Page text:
Tag: corporate governance

Chairman’s statement

In 2017 we made significant progress with the strategy we announced in December 2016.

First, we completed the acquisition of Opus Energy – a leading challenger brand in the UK Small and Medium-sized Enterprise (SME) energy market; second, we acquired a third biomass pellet plant (LaSalle Bioenergy), which significantly increases our pellet production capacity; and third, we continued to develop options for flexible gas generation at four sites around the UK.

We also began developing longer-term options for growth, with the exploration of coal-to-gas repowering at Drax Power Station, as we look to provide new sources of flexible generation backed up by long-term capacity contracts. To support our strategy, we completed a refinancing in May and announced a new dividend policy in June.

At the same time, we have continued to provide a significant amount of the UK’s renewable electricity. With confirmation of Government support for further biomass generation at Drax Power Station we plan to continue our work to develop a low-cost solution for a fourth biomass unit conversion, allowing us to provide even more renewable electricity, whilst supporting system stability at minimum cost to the consumer.

Opus Energy performed well, delivering on the plans we set out at the time of acquisition and, in North America, LaSalle Bioenergy is successfully commissioning. This performance alongside safety, sustainability and expertise in our core markets acts as a strong base from which the business can grow and deliver long-term sustainable value.

We have a major role to play in supporting the UK energy system, as it becomes increasingly ambitious in decarbonising, first the electricity sector and subsequently transport and heating. In doing so, through our flexible, low-carbon and customer- focused approach we aim to deliver higher quality earnings, with a reduction in commodity exposure alongside opportunities for growth.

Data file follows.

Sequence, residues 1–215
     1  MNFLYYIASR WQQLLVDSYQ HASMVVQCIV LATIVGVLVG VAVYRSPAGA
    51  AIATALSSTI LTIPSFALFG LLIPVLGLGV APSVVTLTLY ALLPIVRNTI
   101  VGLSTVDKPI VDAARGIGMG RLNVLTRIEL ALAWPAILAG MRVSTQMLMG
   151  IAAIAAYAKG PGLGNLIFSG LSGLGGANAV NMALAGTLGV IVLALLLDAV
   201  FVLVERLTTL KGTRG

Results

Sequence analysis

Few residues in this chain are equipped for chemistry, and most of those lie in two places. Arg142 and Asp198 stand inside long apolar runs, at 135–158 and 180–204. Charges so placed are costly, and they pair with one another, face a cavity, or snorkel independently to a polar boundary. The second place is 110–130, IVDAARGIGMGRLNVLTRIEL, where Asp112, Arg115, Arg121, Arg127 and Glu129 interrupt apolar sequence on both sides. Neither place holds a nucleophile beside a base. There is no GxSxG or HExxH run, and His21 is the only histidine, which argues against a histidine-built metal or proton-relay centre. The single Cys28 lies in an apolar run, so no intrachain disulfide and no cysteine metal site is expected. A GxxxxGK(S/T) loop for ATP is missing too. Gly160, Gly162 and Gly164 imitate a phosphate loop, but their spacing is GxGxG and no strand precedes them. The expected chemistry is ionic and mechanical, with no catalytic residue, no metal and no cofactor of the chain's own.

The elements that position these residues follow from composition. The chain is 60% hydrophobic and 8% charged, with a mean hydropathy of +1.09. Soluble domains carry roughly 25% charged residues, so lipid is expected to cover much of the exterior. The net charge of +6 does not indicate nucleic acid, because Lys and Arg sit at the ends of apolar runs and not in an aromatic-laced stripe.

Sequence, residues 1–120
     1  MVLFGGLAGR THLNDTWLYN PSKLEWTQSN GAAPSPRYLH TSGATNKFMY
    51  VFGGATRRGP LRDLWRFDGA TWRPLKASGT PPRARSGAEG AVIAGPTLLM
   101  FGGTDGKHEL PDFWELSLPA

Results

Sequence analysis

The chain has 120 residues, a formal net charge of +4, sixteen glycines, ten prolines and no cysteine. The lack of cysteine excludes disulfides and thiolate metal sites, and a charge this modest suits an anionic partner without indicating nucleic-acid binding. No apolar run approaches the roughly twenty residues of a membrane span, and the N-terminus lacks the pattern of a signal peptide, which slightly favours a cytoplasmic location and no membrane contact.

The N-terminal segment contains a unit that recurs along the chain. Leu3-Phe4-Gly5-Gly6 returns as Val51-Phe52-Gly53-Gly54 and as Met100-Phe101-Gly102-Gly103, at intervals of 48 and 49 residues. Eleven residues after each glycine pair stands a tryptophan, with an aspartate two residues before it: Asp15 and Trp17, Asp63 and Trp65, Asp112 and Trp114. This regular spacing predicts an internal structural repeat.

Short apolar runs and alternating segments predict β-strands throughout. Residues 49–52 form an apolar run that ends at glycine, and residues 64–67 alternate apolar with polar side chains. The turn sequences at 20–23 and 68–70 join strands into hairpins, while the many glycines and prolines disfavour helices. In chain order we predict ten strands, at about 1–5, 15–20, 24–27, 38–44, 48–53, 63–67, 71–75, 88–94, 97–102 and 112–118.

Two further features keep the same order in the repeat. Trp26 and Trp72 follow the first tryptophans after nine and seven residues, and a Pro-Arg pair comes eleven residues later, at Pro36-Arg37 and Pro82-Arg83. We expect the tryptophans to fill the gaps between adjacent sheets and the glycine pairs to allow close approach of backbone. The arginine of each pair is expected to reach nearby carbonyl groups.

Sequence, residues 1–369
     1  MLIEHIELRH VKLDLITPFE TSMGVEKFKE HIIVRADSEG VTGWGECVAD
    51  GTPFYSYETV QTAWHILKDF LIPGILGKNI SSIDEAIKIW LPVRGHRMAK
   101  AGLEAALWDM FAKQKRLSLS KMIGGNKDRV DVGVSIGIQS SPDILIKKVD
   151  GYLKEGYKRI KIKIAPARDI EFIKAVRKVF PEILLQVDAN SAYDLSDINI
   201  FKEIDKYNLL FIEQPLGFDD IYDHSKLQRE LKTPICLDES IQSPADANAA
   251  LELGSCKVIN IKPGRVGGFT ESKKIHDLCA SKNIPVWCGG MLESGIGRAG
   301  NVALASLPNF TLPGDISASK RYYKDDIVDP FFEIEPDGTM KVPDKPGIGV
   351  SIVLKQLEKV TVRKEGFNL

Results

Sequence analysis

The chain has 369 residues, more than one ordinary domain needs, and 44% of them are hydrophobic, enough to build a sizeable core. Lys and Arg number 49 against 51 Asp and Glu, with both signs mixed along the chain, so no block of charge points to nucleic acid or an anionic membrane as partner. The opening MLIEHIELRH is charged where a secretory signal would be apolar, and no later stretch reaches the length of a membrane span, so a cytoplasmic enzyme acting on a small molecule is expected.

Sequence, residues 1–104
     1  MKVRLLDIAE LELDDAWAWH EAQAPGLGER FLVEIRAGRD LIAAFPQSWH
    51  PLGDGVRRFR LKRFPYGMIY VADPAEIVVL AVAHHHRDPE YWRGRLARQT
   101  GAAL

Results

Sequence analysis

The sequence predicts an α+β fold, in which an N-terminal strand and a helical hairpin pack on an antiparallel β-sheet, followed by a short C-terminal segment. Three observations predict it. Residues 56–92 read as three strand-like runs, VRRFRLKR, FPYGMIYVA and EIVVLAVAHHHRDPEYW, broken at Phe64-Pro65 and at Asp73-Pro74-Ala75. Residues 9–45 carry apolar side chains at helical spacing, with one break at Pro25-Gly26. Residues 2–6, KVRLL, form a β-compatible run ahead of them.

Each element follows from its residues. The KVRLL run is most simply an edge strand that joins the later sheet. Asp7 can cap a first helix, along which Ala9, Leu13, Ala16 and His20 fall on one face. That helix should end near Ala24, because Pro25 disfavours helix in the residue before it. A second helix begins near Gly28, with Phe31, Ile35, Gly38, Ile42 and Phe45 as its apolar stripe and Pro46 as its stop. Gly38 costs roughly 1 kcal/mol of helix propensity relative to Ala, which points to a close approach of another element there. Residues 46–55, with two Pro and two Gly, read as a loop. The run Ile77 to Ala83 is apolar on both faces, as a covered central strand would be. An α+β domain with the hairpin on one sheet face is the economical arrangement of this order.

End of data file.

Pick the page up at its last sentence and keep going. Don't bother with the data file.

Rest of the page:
Our people – employees and contractors – remain a key asset of the business. Their safety remains at the centre of our operational philosophy and we have performed well in this regard, although we continue to work to improve our performance across the Group.

Results and dividend

EBITDA in 2017 of £229 million was significantly ahead of 2016 (£140 million).

This increase was principally from producing high levels of renewable power from sustainable biomass. We also benefited from our growing B2B Energy Supply and Pellet Production businesses. Through these activities we are improving the visibility of our earnings.

In June we announced a new dividend policy. This policy is to pay a dividend which is sustainable and expected to grow as the implementation of the strategy generates an increasing proportion of stable earnings and cash flows. In determining the rate of growth in dividends the Board will take account of contracted cash flows, the less predictable cash flows from the Group’s commodity based business and future investment opportunities. If there is a build-up of capital the Board will consider the most appropriate mechanism to return this to shareholders.

At the 2017 half year results we confirmed an interim dividend of £20 million (4.9 pence per share) representing 40% of the full year expected dividend of £50 million (12.3 pence per share) (2016: £10 million, 2.5 pence per share). Accordingly, the Board proposes to pay a final dividend in respect of 2017 of £30 million, equivalent to 7.4 pence per share. In addition, the Board has decided to announce a £50 million share buy-back programme, which will take place during 2018, which is consistent with our capital allocation policy.

Corporate governance